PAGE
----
Dario Fo's classic farce Accidental Death of an Anarchist was a sensation when it premiered in Italy in 1970. Based on the story of a political activist who "fell" to his death from the window of a police station, the original production was seen by over half a million people. This incisive satire on police corruption, media manipulation and political shenanigans premiered at The Donmar Warehouse, London, translated by Simon Nye.
CAST INCLUDED: Rhys ifans, Paul Ritter, Desmond Barrit, Mark Healy, Adrian Scarborough.
It's so funny, resistance is futile… the production generates crackling comic energy. This is a performance of prolific invention and astonishing energy that often left me helpless with laughter. There is no doubt that Accidental Death of an Anarchist is that rare thing, a political farce that is genuinely funny while also making a serious political point.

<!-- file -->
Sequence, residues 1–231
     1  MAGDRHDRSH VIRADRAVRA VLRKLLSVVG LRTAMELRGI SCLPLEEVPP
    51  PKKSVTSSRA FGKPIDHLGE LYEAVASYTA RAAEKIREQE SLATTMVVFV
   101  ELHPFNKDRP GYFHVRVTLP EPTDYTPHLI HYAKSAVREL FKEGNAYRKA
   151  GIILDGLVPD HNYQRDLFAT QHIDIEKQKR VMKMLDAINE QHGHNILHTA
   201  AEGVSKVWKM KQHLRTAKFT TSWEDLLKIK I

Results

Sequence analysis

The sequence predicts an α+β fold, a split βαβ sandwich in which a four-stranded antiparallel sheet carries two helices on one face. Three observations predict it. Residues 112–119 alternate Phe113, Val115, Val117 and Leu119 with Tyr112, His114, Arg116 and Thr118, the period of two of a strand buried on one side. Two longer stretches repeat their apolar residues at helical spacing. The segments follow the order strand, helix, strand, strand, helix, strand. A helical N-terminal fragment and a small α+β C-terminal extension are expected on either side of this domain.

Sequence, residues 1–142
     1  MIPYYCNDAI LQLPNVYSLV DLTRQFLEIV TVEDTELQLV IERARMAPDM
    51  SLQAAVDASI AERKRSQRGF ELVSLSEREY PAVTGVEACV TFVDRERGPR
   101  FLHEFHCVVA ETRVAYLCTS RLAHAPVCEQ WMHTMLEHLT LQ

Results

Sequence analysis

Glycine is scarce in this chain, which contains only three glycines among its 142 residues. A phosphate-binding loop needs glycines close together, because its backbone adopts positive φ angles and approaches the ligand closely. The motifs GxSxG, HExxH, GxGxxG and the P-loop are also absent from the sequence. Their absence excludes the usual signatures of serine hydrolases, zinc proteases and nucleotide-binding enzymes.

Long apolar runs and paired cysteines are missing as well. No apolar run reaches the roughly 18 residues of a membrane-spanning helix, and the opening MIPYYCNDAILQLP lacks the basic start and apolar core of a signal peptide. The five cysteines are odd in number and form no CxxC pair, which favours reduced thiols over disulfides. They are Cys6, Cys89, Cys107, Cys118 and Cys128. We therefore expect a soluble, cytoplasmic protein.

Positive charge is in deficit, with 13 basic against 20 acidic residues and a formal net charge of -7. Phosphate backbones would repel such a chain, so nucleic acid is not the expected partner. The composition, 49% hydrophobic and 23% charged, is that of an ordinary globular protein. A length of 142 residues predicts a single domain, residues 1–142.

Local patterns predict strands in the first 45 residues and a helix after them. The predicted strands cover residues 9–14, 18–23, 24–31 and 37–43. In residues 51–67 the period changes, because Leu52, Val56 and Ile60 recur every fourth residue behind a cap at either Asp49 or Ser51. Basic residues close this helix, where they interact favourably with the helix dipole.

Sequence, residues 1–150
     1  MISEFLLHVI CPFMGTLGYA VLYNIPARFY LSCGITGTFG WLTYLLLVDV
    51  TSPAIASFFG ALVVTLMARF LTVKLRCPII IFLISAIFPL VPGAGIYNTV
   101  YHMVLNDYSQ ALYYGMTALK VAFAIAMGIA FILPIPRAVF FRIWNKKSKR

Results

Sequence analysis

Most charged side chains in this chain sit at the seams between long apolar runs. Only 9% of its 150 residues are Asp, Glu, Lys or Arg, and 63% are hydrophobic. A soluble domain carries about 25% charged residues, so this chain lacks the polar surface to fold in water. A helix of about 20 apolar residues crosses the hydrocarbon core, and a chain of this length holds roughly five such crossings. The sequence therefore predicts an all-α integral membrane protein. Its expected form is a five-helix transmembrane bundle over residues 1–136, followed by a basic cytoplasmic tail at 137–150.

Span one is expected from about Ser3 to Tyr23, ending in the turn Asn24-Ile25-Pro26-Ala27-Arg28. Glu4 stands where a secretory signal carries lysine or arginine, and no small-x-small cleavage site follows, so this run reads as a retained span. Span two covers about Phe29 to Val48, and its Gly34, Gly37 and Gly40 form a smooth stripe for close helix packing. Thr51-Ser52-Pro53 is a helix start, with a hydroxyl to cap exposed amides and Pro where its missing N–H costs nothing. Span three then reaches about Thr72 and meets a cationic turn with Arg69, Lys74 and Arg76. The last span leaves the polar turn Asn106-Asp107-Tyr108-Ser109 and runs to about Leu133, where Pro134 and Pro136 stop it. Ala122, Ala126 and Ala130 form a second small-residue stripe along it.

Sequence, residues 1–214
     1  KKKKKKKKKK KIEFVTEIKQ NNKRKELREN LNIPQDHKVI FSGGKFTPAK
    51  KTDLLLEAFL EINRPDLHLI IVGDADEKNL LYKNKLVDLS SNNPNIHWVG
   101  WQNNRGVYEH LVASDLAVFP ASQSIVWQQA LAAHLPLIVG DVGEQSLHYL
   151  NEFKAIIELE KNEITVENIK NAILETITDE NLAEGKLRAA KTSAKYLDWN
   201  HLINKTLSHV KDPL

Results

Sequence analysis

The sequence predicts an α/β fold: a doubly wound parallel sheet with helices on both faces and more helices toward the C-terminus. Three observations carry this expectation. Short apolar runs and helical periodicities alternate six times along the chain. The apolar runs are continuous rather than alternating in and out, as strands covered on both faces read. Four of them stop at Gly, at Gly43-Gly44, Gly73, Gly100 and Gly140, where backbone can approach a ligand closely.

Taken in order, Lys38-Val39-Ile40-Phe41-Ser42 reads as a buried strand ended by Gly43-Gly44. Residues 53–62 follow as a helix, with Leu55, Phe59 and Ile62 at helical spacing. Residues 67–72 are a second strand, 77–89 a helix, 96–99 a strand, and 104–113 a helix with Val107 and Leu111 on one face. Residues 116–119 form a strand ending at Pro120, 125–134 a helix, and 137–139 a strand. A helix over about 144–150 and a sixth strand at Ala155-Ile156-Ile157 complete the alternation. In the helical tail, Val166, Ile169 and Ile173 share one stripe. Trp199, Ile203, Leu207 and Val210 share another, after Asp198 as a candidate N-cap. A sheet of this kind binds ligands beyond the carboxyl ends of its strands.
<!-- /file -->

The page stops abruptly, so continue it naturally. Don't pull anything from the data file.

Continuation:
Accidental Death of and Anarchist abseils into the Donmar Warehouse packed with enough contemporary pop culture references and brio to give a potentially dated and exhausting script a newly nutty lease on life.
In his day, Fo must himself have been influenced by Joe Orton, whose subversiveness “Accidental Death” most recalls in a prolonged sequence during which a bishop blesses the assembled police with water from a nearby fire extinguisher. That event is soon followed by an interruption to the spiralling mayhem allowing the company to join voices on “God Save the Queen.” Such Royalist sentiments don’t count for much as a climactic explosion sends Simon Higlett’s carefully appointed set crashing down, closing the door on a play with limited patience for anything that includes words like “safe."
Fo's play absorbs social indignation into mainstream Italian comedy.